I’m moving more and more of my work into git, which is a distributed revision control system (or put another way, it’s a system that stores stuff and keeps track of all the changes). Because it’s distributed, anything I have on my computer at home can be easily replicated to my computer at work or anywhere else, and any changes that I make to these files on any system, are easy to recover anywhere else. And it’s all backed up on the master repository, and all changes are recorded. If I decide I’ve made a mistake, it’s easy to go back to an earlier version.

Using this sort of system for software code is pretty common, but I’m also using this for normal text files (the docs repository below), and have starting moving other things into git such as all my eBooks.

The following figure shows the number of file changes made in three of my repositories over the course of the year. I don’t know why April was such an active month for Python, but I clearly did a lot of programming that month. The large number of file changes during the summer in the docs repository is because I was keeping my running (and physical therapy) logs in that repository.

Dog Barn

The dog barn was the big summer project. It’s a seven by eleven foot building with large dog boxes inside that we keep warm. When the temperatures are too cold for the dogs to stay outside, we put them into their boxes in the dog barn and turn the heat up to 40°F. I have a real-time visualization of the conditions inside and outside the barn, and because the whole thing is run with a small Linux computer and Arduino board, I’m able to collect a lot of data about how the barn is performing.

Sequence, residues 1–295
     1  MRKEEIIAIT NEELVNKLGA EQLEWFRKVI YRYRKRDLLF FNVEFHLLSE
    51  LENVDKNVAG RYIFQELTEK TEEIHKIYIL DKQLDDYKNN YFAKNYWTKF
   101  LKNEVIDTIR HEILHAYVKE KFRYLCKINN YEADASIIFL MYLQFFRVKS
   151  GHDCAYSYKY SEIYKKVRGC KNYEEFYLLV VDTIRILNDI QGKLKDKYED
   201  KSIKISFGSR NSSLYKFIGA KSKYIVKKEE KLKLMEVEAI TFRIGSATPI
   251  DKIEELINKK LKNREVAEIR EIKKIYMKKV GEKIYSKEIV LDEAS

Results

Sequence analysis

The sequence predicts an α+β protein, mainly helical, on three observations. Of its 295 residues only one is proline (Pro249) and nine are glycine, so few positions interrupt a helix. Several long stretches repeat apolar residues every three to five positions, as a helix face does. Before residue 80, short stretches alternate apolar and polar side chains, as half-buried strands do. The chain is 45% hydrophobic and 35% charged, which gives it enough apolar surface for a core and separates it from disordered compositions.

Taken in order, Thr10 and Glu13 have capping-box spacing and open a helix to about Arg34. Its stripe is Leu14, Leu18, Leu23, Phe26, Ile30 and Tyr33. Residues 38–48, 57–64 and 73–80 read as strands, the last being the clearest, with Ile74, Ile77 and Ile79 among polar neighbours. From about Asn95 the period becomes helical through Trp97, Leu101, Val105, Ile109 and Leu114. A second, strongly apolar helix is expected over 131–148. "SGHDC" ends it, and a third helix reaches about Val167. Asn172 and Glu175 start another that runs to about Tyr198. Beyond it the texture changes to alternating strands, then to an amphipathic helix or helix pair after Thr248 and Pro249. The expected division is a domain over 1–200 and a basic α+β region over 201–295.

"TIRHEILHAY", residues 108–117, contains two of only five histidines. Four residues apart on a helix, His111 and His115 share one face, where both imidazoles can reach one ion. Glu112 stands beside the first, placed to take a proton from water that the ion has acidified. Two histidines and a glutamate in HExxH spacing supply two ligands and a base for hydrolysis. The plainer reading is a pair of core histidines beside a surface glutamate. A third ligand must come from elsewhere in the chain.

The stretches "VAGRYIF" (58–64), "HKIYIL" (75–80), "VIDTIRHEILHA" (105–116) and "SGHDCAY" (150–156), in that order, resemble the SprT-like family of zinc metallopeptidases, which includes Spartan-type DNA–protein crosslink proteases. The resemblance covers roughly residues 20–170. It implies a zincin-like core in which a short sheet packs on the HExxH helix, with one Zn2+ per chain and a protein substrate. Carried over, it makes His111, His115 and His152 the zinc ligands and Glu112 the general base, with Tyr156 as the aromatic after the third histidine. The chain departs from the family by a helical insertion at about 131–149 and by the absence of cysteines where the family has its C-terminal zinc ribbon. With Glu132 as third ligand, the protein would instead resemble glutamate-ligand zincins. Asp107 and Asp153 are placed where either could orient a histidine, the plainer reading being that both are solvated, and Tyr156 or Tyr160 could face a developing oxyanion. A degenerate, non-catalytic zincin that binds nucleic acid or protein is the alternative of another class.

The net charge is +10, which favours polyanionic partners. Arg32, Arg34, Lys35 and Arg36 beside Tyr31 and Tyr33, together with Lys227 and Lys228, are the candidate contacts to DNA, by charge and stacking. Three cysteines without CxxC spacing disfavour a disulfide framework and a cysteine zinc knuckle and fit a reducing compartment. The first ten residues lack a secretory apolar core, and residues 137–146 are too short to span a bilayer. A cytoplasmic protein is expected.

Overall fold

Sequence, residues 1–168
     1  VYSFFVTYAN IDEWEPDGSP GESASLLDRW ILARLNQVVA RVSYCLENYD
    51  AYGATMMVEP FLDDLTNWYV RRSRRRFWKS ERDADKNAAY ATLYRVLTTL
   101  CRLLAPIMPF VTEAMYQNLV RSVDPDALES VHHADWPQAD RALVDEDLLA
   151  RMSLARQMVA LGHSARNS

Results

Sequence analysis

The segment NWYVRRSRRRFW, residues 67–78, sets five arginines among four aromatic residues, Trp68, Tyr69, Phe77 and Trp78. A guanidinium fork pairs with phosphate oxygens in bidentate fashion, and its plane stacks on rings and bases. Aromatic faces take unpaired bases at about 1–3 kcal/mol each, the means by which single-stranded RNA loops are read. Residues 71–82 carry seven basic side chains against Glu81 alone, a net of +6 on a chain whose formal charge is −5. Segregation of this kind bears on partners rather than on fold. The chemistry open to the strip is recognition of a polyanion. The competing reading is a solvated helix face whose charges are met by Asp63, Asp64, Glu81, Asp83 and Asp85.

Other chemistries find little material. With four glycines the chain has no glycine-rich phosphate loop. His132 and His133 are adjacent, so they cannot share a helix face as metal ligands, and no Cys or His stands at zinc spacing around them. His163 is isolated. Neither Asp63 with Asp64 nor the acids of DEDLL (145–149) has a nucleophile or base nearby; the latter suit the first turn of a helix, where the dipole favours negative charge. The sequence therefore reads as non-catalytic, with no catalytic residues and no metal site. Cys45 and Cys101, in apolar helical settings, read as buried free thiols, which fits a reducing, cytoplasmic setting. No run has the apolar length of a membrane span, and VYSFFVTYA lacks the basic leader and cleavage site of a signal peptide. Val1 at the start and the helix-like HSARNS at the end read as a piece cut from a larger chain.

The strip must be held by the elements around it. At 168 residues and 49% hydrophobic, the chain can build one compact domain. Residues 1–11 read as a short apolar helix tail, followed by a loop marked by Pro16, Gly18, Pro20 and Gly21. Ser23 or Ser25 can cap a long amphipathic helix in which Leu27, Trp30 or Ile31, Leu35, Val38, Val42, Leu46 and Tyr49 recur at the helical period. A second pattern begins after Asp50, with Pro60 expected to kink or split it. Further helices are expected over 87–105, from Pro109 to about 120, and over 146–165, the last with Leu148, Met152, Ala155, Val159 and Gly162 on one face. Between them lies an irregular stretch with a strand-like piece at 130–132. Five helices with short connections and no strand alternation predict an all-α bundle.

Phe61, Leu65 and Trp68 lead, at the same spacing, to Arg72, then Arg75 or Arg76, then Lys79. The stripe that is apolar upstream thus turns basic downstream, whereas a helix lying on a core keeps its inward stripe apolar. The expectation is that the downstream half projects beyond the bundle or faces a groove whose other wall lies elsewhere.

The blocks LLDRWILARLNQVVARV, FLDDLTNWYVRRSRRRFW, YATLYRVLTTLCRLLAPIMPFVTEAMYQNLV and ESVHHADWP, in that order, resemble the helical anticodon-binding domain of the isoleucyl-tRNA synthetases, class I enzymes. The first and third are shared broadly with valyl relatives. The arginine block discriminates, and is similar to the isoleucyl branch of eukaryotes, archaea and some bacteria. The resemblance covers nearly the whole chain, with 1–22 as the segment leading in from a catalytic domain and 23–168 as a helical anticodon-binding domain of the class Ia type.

One such analysis will be to see how much heat the dogs produce when they are in the barn. To estimate that, we need a baseline of how much heat we’re adding at various temperatures in order to keep it at temperature. I haven’t collected enough cold temperature data to really see what the relationship looks like, but here’s the pattern so far.

The graph shows the relationship between the temperature differential between the outside and inside of the barn plotted against the percentage of time the heater is on in order to maintain that differential, for all 12-hour periods where the dogs weren’t in the barn and there’s less than four missing observations. I’ve also run a linear and quadratic regression in order to predict how much heat will be required at various temperature differentials.

The two r2 values shows how much of the variation in heating is explained by the temperature differential for the linear and the quadratic regressions. I know that this isn’t a linear relationship, but that model still fits the data better than the quadratic model does. It may be that it’s some other form of non-linear relationship that’s not well expressed by a second order polynomial.